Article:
Mechanical engineering associate professor Kam Leang and industry collaborator Molecular Vista, Inc. received a nine-month Department of Energy (DOE) grant for $150,000.  The project is entitled, “Video-Rate Atomic Force Microscope for Functional Gas and Liquid Environments”.

Molecular Vista, Inc. (MVI) in collaboration with the University of Utah and others will develop a high speed (~ 10 frames/second) atomic force microscope (HS AFM) for real-time in-situ characterization of electrochemical, photoelectrochemical, and fuel cell reactions. HS AFM and associated scanning probe techniques will provide insights into various fundamental questions and applied challenges in surface dynamics at the nanoscale. The goal is to develop a user-friendly, high resolution and ultrafast AFM for functional gas and liquid environment to support basic science in energy research as specified in topic 7b. The proposed instrument is expected to have roughly a thousand-fold increase in throughput compared to typical commercially available systems with comparable scan range and resolution.

High speed (> 2 frames/second) and high resolution (molecular resolution) AFM imaging of biomoleculesin liquid environment has yielded progress in fundamental understanding in the protein and nucleotide dynamics. Similarly HS PFM (Piezo Force Microscopy) at 1 frame/second has led to direct observation of ferroelectric domain as it evolves. The only commercial instrument that is available currently for high speed imaging is not practical for wide-spread use due to limitations on scan range and sample size. Additionally, the ultra-small cantilever utilized in the tool cannot be adequately protected against the harsh and corrosive environment via additional coatings since the concomitant increase in the force constant will lower the sensitivity. Finally, the required beam bounce detection mechanism for the ultra-small cantilever makes the instrument difficult to operate.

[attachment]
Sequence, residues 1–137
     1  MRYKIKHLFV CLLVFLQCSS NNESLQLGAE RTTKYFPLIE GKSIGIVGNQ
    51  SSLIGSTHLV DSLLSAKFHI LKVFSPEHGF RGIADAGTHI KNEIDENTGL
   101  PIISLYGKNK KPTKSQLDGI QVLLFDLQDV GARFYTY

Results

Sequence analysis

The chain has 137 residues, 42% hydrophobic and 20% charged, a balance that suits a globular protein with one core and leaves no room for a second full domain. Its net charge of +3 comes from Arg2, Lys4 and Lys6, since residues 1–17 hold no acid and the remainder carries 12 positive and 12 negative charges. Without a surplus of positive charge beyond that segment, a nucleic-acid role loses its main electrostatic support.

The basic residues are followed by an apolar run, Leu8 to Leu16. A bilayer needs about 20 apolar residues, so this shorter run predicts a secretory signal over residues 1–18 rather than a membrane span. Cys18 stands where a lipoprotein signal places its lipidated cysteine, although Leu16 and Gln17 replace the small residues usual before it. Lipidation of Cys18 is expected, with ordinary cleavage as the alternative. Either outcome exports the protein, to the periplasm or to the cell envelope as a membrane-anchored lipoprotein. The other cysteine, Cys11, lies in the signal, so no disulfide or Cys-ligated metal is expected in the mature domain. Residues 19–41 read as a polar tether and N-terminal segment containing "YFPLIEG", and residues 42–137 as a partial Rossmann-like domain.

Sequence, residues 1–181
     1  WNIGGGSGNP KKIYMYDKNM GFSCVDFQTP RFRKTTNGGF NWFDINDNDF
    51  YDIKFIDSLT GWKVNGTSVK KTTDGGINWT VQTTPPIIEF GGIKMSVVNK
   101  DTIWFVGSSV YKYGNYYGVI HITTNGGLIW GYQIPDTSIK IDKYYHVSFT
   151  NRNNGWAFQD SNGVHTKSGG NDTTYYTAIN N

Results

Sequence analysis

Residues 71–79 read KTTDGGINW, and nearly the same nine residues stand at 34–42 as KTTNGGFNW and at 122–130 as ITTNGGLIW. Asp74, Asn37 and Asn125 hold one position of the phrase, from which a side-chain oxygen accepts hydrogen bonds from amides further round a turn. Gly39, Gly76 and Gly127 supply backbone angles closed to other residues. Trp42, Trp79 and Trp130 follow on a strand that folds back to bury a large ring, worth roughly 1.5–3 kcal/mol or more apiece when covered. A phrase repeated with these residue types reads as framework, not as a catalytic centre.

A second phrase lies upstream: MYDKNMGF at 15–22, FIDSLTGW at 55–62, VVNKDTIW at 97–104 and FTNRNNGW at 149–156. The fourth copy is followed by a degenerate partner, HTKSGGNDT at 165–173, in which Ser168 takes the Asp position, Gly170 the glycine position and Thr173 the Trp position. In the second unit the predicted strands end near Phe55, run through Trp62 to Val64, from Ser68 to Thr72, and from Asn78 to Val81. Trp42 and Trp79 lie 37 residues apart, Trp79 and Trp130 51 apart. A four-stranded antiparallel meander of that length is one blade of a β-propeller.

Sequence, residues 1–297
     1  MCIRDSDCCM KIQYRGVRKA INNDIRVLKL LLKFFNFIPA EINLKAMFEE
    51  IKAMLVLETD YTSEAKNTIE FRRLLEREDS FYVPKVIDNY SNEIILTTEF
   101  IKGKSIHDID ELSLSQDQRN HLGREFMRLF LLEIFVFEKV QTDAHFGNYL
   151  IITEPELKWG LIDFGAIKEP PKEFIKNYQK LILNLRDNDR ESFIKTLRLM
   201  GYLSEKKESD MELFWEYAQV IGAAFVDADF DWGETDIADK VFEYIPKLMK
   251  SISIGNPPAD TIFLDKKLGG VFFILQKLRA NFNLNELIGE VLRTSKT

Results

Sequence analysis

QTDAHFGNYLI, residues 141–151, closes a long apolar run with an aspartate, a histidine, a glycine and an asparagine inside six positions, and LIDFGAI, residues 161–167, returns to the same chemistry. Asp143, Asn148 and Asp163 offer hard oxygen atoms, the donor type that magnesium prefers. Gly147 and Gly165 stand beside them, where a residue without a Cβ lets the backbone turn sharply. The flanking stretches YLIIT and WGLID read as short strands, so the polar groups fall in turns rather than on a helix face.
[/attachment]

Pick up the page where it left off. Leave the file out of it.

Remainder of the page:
The proposed new instrument will be based on quartz crystal sensor known as length extension
resonator (LER) operated in frequency modulation AFM (FM AFM) mode. In UHV, LER operated in FMAFM has demonstrated true atomic resolution. While Q (~ 400) of typical non-contact AFM cantilevers in air increases to about 35,000 in UHV, Q for LER sees only a modest increase from air (~ 20,000) to UHV (~ 50,000). Therefore, we anticipate only a modest reduction in Q for LER and sustained sensitivity for true atomic resolution even when fully immersed in liquid. Other benefits of using LER include (1) ease-of-use due to electrical excitation and sensing and (2) ability to concurrently bias the metallic tip during AFM operation to provide additional flexibility in electrochemistry research.

In Phase I, MVI will (1) develop an encapsulation for LER for passivation against corrosive liquid while maintaining high Q in liquid; (2) demonstrate imaging with high sensitivity in full liquid immersion; (3) prototype a high-bandwidth demodulation circuitry for high speed FM AFM; (4) prototype a high-speed sample scanner and a prototype HS LER AFM head; and (5) demonstrate the feasibility of high speed imaging in air using the prototypes. Item (3) will be headed by Tom Albrecht, our consultant who first demonstrated FM AFM while item (4) will be performed by Prof. Kam Leang’s laboratory in University of Utah; the rest will be carried out at MVI.